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The Utah Supreme Court released a decision earlier this month that struck down a statutory limit on non-economic damages in medical malpractice actions that result from a wrongful death, ruling that the cap on damages violated a provision of the Utah Constitution. In the case of Smith v. the United States, the Utah Supreme Court held that the cap on non-economic damages that is contained in the Utah Health Care Malpractice Act is unconstitutional as applied to cases alleging medical malpractice that results in death.

The Court found that a state constitutional provision forbidding the legislature from abrogating the recovery amount for wrongful death applies to malpractice actions that arise from a death. As a result of the ruling, Utah medical malpractice plaintiffs who allege that a defendant’s malpractice resulted in the death of a victim cannot have their awards reduced by the limit on non-economic damages contained in the Malpractice Act.

What are Non-Economic Damages?

Non-economic damages are awarded to plaintiffs to compensate them for non-economic losses related to the negligent or willful conduct of another. Economic losses include medical expenses, rehabilitation costs, funeral bills, lost wages and potential earnings, future care costs, and other damages that can be clearly reduced to a number based on the “cost” of the injury to the victim or plaintiff.

Non-economic damages offer compensation for the negative effects of an injury that can’t be easily reduced to a dollar amount. In the case of medical malpractice actions, non-economic damages include inconvenience, disfigurement, and “pain and suffering,” as well as the loss of the companionship and future care of a loved one who is left disabled or deceased because of the negligence of a professional medical provider.

The Illinois Non-Economic Damages Cap

Just as the Utah legislature did in 1986, many states have enacted laws that limit the amount of non-economic damages that can be awarded to a plaintiff in a medical malpractice action. In Illinois, the legislature imposed a total limit on non-economic damages of $500,000 against a single doctor or $1,000,000 against a hospital or medical facility. This limit applies if wrongful death is alleged as a result of malpractice, and it represents the total amount that the victim, their estate, and any beneficiaries can receive in non-economic damages from a malpractice action. This limit was challenged under the Illinois Constitution in the 2010 case of LeBron v. Gottlieb Memorial Hospital. The Illinois Supreme Court, like the Utah Court, ruled that the cap on non-economic damages in medical malpractice actions was a violation of the state constitution. The Illinois ruling went even further than the recent Utah decision, striking down limits on non-economic damages for all malpractice cases, including those not arising from a death.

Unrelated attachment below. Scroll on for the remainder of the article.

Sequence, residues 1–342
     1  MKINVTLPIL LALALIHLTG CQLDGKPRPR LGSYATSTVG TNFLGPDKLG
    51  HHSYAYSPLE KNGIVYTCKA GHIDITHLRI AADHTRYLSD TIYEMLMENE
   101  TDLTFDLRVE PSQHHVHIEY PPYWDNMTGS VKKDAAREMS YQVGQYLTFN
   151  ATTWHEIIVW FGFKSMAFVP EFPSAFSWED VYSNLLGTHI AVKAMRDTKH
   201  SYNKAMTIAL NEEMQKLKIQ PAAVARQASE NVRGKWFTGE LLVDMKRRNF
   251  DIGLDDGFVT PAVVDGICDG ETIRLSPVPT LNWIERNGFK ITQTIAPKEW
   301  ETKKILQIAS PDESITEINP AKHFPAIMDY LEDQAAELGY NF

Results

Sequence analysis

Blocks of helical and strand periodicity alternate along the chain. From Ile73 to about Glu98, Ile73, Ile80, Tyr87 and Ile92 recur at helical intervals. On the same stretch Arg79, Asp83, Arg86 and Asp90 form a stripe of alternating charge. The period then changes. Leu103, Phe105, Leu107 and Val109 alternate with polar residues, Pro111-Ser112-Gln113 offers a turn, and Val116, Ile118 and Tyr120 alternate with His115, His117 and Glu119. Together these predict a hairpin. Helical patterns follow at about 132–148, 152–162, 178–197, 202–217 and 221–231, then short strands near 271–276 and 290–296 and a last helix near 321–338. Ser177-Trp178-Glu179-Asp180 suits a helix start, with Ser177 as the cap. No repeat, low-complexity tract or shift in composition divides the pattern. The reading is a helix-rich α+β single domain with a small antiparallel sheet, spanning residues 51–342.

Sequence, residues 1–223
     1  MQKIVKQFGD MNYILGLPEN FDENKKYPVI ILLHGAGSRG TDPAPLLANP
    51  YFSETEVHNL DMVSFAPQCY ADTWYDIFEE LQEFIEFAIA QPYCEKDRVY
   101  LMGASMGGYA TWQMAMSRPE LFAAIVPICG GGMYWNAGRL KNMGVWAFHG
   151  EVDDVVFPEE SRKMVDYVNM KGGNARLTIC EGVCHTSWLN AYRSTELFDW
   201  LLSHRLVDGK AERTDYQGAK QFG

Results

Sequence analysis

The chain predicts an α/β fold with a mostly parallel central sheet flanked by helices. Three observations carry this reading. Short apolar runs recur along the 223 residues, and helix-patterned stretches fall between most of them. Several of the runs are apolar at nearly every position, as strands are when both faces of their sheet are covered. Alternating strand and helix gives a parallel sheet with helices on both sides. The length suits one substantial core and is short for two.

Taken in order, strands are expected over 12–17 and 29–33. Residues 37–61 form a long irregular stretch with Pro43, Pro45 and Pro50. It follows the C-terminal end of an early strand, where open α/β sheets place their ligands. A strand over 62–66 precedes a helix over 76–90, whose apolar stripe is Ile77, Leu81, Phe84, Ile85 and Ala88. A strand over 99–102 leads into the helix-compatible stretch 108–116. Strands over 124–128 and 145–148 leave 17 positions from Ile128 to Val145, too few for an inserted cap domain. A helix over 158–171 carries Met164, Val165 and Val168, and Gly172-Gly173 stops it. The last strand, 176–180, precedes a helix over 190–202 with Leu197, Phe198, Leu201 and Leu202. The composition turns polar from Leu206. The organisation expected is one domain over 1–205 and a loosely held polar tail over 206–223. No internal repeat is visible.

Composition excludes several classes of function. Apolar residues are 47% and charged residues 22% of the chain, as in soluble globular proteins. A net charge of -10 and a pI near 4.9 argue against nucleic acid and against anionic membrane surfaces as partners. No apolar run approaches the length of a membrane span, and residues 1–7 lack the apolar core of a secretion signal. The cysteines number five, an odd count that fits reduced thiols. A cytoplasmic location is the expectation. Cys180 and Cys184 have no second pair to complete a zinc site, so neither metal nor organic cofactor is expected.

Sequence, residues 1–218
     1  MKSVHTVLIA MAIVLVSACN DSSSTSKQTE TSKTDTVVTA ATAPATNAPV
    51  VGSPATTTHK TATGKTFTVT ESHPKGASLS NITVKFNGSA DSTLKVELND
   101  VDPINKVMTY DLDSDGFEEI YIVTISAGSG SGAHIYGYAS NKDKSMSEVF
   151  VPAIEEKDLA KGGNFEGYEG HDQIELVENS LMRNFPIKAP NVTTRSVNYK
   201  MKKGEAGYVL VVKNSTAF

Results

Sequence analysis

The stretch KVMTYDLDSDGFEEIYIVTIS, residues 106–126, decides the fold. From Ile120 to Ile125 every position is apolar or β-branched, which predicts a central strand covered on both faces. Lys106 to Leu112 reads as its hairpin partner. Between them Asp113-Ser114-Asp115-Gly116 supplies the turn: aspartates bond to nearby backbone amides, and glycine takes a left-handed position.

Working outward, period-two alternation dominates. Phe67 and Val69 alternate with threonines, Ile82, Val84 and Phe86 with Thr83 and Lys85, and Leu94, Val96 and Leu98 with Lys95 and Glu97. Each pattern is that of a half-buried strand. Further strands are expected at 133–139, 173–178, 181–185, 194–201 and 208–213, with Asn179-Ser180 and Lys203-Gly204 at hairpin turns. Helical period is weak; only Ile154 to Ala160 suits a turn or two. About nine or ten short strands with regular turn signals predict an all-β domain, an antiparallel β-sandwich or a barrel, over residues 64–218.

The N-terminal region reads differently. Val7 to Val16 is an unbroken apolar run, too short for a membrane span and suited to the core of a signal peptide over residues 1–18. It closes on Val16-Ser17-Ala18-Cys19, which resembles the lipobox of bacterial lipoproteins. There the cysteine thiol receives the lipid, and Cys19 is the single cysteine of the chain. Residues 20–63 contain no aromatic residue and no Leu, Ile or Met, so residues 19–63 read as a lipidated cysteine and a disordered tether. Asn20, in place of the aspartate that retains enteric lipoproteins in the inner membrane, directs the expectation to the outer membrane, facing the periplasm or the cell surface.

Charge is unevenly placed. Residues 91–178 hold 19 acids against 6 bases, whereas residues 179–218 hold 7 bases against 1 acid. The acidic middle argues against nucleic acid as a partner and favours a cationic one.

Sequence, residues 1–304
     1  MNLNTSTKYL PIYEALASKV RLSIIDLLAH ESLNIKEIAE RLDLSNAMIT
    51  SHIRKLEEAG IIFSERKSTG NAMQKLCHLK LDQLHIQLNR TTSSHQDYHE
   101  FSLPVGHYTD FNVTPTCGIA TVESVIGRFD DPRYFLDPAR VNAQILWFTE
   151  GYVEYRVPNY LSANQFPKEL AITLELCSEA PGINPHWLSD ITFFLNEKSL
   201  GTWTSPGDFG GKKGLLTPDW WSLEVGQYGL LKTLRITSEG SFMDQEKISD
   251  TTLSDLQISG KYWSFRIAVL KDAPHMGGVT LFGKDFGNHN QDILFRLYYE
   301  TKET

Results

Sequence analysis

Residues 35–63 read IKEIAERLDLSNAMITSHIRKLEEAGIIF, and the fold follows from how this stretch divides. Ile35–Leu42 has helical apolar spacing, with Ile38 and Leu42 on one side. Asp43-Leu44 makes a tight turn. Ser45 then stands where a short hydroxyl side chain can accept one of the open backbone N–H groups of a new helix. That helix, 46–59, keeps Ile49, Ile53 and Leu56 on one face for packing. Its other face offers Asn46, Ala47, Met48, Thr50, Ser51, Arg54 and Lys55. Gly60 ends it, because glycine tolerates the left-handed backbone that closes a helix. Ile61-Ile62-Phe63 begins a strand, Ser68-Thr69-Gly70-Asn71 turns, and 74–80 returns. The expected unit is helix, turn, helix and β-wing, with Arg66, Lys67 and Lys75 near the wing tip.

The Effect of the State Court Decisions

The rulings in Smith v. the United States and LeBron v. Gottlieb Memorial Hospital are only controlling law in the states where they were handed down, Utah and Illinois. The decisions do not affect non-economic damages limits in other states, although several other states do have similar provisions in their constitutions to the Utah provision that was used to invalidate the damages cap. Whether limits on non-economic damages are struck down in other states or remain in force, it is important for victims of medical malpractice to understand that even in states with seemingly low limits on non-economic damages in malpractice actions, a skilled medical malpractice attorney can obtain a significant award of both economic and non-economic damages, and it is possible for malpractice victims to be fairly compensated for their loss, even with a damages cap.

Are You a Victim of Medical Malpractice?

If you or a loved one has been the victim of medical malpractice, the first step to being fairly compensated is consulting an experienced Illinois medical malpractice attorney to discuss your case. The dedicated malpractice attorneys at the Cavanagh Sorich Law Group know how to hold negligent doctors and other medical providers accountable for the harm that they cause to our clients. We will take your case seriously, and our skilled Illinois malpractice lawyers will work tirelessly to help you get the recovery that you are entitled to. At the Cavanagh Sorich Law Group, we represent clients in most medical malpractice, personal injury, and wrongful death cases.

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